In a world of rising broadcast costs, the 2015 NSW Open showed live streaming is a legitimate alternative.
MY FIRST first experience of live broadcasting was, shall we say, interesting. A call from Fox Sports to work on the 2006 Jacobs Creek Open resulted in a Wednesday arrival at Royal Adelaide Golf Club, the day before the event began. With enthusiasm oozing from every pore, I readied myself for what I assumed would be a day of on-the-job training as an on-course commentator.
The reality: I was handed a microphone and shown how to switch it on. That was followed by a warning to be careful not to talk over the other commentators, and to switch off when not in use. It was a classic ‘sink or swim’ scenario, and there were more than a few tosses and turns in bed that night as my mind went into overdrive trying to digest what was in front of me.
Somehow, I managed to get invited back for a second gig. Nearly 10 years later I’ve been a part of more than 100 golf broadcasts. It is a job where no two weeks are the same, and where the ability to react to changing circumstances is a prerequisite. That said, I couldn’t have anticipated just how much the landscape of broadcasting would alter in the short period that I’ve been involved.
The continual evolution of the internet and its ability to disseminate information quickly has seen the once impregnable commercial TV networks under significant pressure to survive. This, in turn, has seen networks slash and burn with regard to personnel and programming. A decade ago, governing bodies and tournament promoters in Australia could expect networks to pick up the cost of the broadcast, and possibly even a contribution in terms of a rights fee in return for exclusivity. Now, tournament organisers pick up the bills and pass them onto a sponsor.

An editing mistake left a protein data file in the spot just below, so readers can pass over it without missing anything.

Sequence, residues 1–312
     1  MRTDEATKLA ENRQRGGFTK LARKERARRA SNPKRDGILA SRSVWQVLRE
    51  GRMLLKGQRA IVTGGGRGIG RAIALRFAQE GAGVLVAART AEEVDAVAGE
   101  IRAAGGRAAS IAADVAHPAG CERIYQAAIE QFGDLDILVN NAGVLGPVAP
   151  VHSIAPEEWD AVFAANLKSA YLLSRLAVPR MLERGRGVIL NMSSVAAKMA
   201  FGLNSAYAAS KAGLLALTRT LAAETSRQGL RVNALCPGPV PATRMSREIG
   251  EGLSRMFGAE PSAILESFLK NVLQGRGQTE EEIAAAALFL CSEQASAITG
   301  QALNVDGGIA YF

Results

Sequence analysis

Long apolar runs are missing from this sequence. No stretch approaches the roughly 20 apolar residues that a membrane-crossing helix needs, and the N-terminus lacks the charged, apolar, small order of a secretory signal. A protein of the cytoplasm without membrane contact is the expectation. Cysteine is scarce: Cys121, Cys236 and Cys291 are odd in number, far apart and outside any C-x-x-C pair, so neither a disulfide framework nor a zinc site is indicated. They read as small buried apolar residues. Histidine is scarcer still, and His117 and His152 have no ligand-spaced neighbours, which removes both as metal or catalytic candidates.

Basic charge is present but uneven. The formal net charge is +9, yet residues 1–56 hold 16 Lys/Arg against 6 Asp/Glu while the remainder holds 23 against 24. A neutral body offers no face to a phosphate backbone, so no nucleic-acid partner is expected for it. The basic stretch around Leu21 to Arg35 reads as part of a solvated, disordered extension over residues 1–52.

The cost of broadcasting live golf events is a major roadblock for the growth of the professional game. Even a basic, two-day, limited camera operation costs approximately $300,000. The budget for the Australian Open? About $800,000. For potential sponsors looking to hitch their wagon to the golf caboose, the cost of the association is simply too high. It’s part of the reason why the professional game in Australia has trod water in recent times.
The internet has television in a sleeper hold, but it also offers a ray of light for golf in its ability to provide a lower cost broadcast alternative. At the 2015 NSW Open, Golf NSW chose to offer a no frills, live internet stream of the event over Saturday and Sunday. It involved coverage and commentary on two of the closing holes, with just four cameras. From a technical perspective, it was less than perfect, and for a viewer used to the style and gloss of network production, certain elements may have grated.
But in a world where professional golf is set to be marginalised further because of the cost of entry and real time coverage, the concept was a big step into the future at a fraction of the cost of traditional models. Its integration into a package that can be offered to corporations loitering on the perimeter of golf sponsorship may be what gets signatures on the dotted line.
With the growth of the game inexorably tied to the visibility gained from a healthy, dynamic professional tour, live streaming is a concept that needs to be given credit, and further explored.